Names and people in early modern sources

In my working capacity as the Oracle of the OBP Online, I was recently asked a question that went something like this (details changed):

I’m confused by all these results. If Robert Scott was hanged in 1765, who are all these other Robert Scotts? And some of them are after 1765?!

This is at first glance a slightly daft question – well, obviously, they’re all different people but with the same name, aren’t they? (The question also contains a common misconception about the source, which I’ll come back to in a moment.) And yet, at the same time, it’s not really silly at all.

They might not all be different people. In our database of the names in the OBP there are 142 instances of the name ‘Robert Scott’ (including slight spelling variations). (Mind you, this is nothing compared to a name like John Smith, which occurs more than 4000 times.) How do you decide whether one Robert Scott is the same person as another Robert Scott, or someone else altogether?

And this is without even starting on the problem that a significant proportion of those appearing at the Old Bailey were known by more than one name, and some had a string of aliases and nicknames. Oh, and the reporters (or printers…) sometimes got people’s names – even those of defendants – just plain wrong.

In other words, identifying the relationship between names and people in early modern sources is often extremely tricky, and the question ‘who the hell are all these Robert Scotts?’ isn’t so daft. Which is just as well, really, because this is precisely the kind of problem that’ll be keeping me in work for the next couple of years.

This isn’t just of concern to family historians trying to work out whether someone is really their ancestor or not. Most historians have to make these linkages, ask these questions, at some time or another in the course of their research. Most of us do it on a small scale by hand; a more select group do it on the large scale with computers and algorithms. I’ll hopefully post about both of these later. But in both cases, the process relies on weighing up and ranking probabilities.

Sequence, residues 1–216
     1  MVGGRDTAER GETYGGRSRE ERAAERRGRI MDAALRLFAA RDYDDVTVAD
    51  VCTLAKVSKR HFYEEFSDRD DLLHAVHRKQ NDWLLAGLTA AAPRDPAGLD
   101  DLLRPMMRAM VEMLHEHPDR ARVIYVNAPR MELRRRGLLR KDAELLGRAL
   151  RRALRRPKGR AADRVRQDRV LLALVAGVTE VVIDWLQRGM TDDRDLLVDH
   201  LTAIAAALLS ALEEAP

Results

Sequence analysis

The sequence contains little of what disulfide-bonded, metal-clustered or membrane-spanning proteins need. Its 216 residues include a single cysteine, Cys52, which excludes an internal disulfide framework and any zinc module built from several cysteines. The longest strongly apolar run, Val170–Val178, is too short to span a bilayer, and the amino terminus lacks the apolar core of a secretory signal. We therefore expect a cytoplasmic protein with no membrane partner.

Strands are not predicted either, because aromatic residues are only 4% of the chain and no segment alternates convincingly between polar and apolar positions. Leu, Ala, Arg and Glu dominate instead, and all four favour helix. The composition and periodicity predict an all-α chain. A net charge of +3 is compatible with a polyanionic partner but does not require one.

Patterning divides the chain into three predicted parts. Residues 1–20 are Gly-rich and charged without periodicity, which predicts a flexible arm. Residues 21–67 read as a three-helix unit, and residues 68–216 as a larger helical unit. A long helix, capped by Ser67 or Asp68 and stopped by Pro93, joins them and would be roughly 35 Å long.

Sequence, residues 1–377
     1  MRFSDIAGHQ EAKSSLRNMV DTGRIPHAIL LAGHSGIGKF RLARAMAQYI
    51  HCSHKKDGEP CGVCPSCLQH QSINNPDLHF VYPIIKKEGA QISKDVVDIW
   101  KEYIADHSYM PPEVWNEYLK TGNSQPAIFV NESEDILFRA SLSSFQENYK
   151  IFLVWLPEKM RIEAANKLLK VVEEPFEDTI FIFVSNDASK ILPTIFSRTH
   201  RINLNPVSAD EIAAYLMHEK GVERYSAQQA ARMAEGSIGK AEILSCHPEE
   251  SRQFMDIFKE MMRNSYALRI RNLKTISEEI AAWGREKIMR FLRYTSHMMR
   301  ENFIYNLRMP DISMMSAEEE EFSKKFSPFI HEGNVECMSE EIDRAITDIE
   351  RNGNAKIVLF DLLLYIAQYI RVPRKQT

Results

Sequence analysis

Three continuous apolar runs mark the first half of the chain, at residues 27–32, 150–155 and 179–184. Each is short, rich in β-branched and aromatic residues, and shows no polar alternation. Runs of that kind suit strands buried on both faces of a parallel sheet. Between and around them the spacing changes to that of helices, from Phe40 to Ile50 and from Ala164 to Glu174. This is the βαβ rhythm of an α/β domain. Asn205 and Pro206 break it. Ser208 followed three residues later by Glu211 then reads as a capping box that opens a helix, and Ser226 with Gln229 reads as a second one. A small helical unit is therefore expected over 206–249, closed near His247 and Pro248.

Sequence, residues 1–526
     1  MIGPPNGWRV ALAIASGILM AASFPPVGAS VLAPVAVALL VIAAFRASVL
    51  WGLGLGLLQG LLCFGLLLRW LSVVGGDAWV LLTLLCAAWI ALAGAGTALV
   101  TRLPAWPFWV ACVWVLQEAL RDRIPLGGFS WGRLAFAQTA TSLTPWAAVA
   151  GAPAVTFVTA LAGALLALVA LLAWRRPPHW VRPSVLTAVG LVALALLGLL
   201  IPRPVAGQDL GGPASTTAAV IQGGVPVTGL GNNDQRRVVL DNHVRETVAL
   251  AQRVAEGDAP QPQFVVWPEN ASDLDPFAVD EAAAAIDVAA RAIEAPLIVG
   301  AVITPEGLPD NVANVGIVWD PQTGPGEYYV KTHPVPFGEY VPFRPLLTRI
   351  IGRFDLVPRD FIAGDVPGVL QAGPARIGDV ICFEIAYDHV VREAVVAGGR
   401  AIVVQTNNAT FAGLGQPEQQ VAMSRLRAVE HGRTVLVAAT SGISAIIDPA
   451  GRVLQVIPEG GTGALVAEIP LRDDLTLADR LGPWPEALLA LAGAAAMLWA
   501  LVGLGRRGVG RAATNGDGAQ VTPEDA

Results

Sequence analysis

Sometimes the answer, either way, is so obvious that the question doesn’t even need to be consciously formed. But at the other end of the scale, there are times when it’s impossible ever to know because you simply don’t have enough information, especially if a name is very common and you have very little contextual information besides the name itself. And I’m sure other historians will have encountered those frustrating borderline cases: if those documents are all referring to the same person, you have a great story. But are you certain enough to rest a serious argument on that identification?

It’s true, for example, that death is a clincher: if you know this Robert Scott died in 1765, then he can’t be the same person as that Robert Scott mentioned in records as alive and well in 1775. (At the other end of the life-cycle, birth is equally conclusive, of course.)

But are you sure he died?

The OBP doesn’t in fact tell you that Robert was hanged (this is the misconception I mentioned above); like archival records from early modern criminal courts, it normally records only the sentence that was passed. But many people sentenced to death in the 18th century were reprieved or pardoned. Unless you have corroborating evidence that the execution was carried out (this does occasionally appear in OBP), you need to be cautious.

So a Robert Scott in the database after 1765 could be the same guy after all. Told you it was tricky.

(To be continued…)

A few links (because the place just isn’t the same without them):

The linkage of historical records by man and computer (JSTOR subscription required)
A discourse on method, historical knowledge and information technology
Reconstructing historical communities
AHDS guide

(X-posted at The Long Eighteenth.)

7 thoughts on “Names and people in early modern sources”